Hmm...i'd say shaving ;)
More seriously, i would not see this as forest, it looks more like steppe/grasland to my eyes.
I like the forest; it's dense enough to show what it is even without labels, and then when you add those in, it'll be totally obvious what they are.
And this is a really gorgeous map, by the way.
I agree with Diamond, i realy enjoy to watch your progress on the map, and i wouldnt the the inconsitency as something bad, its also nice to see and rethinking your process within the map.
Hey guys! Long time no see. I hope you've been doing great. As for myself, I just ate some amazing ribs.
Cartographically speaking, It's been a while since I've managed to dedicate proper time to map-related shenanigans, but I'm finally getting some sort of progress done with this thing.
I've been mostly experimenting with ways to get the geopolitical landscape drawn, but kept hitting a wall. Trial and error led me to this current model which, although I'm still tinkering with, is finally starting to look like what I'm after. The byzantine complexity of the various societies in Flammarion is proving to be a challenge to map, but God-willing I'll get there eventually.
Getting the names to stand out properly without breaking with the overall style of the map has also been an arduous task. I'm still not entirely convinced with what I'm using, but should work for the time being.
Here's a thumbnail version of the full map and a zoomed-in version of the area I've been focusing on so far.
About the Graticule: Flammarion is a flat world (a disk), so I figured I should use a polar graticule to represent its diskness. Now, I'm making stuff up as I go here, so maybe I'm using the wrong one. The reason I put it in such an odd place is because I'm trying to get the map drawn from the perspective of the local civilizations (which treat the city of Mesantos as the centre of the world; cities are not pictured yet, but said metropolis would be precisely where the graticule is centred), but I'm still left wondering if it looks appropriate. What do you think?
Credits: I used one of Gilgamec's fantastic blank graticules to get the one in the map. You can find them here: http://www.cartographersguild.com/ma...raticules.html
EDIT: Fixed the zoomed attachment. I forgot to pass the mountains through a sharpen filter before uploading (I draw using one of those hairy brushes in Photoshop, so it needs a bit of sharpening or it looks kind of blurry).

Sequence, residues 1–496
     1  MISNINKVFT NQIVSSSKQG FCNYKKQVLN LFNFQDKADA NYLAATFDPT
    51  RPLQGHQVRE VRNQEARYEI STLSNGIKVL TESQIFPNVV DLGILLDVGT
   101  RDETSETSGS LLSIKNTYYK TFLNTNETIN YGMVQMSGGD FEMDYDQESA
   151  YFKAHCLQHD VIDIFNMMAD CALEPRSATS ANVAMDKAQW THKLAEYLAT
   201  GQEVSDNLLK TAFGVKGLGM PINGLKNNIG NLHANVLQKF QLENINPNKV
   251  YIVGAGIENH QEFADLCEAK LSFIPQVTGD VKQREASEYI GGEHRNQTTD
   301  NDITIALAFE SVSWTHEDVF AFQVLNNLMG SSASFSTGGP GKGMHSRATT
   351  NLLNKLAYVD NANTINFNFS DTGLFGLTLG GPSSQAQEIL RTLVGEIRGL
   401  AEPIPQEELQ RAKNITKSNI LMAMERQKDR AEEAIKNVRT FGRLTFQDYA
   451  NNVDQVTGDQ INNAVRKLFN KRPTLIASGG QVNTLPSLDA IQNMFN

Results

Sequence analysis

looking very nice!
I really like this Klaus! I hope to see it finished :)
Thanks lads, much appreciated.
Looks nice though I have some comments:
The fonts used don't really match together imho. The oes on the lads looks very fine but the ones used for seas kinda clashed with the first ones (and to be honest I think it'an overseen font on mapsé and not the best legible one, especially at small size). Also I'm wondering why you need some rhumb lines since you're using some graticules. using bith are quite confusing for me on the map.
Keep up the good job :)
About your comments:
-Fonts: Aye, I'm inclined to agree. Though I like Blackadder a lot as a font, as the time has progressed I've been growing less favourable of it, as it is very difficult to read in small size (and since I want to have every inlet and spit of land named in this thing eventually, it might end up looking bad). As for the difference in styles, I'm still not entirely decided on which fonts to use for the geopolitical landscape; the current ones are mostly placeholders to help me give shape to it, but they might end up changing soon.
-Lines: Well, technically they are not rhumb lines, as they are not following any specific geometrical orientation. They are more like referential portolan diagrams, I suppose. As for why together, on one hand there is the stylish aspect (I enjoy how they look), and on the other a practical aspect: Since Flammarion is flat and the centre depicted in this map is entirely subjective (anchored in an important cultural and political metropolis, but which is not exactly on the geographical axis of the disk), I figured the graticule alone would not be enough for navigation. After all, graticules and rhumb lines/portolan charts kept being used together for a while because the latter were still a popular method of navigations.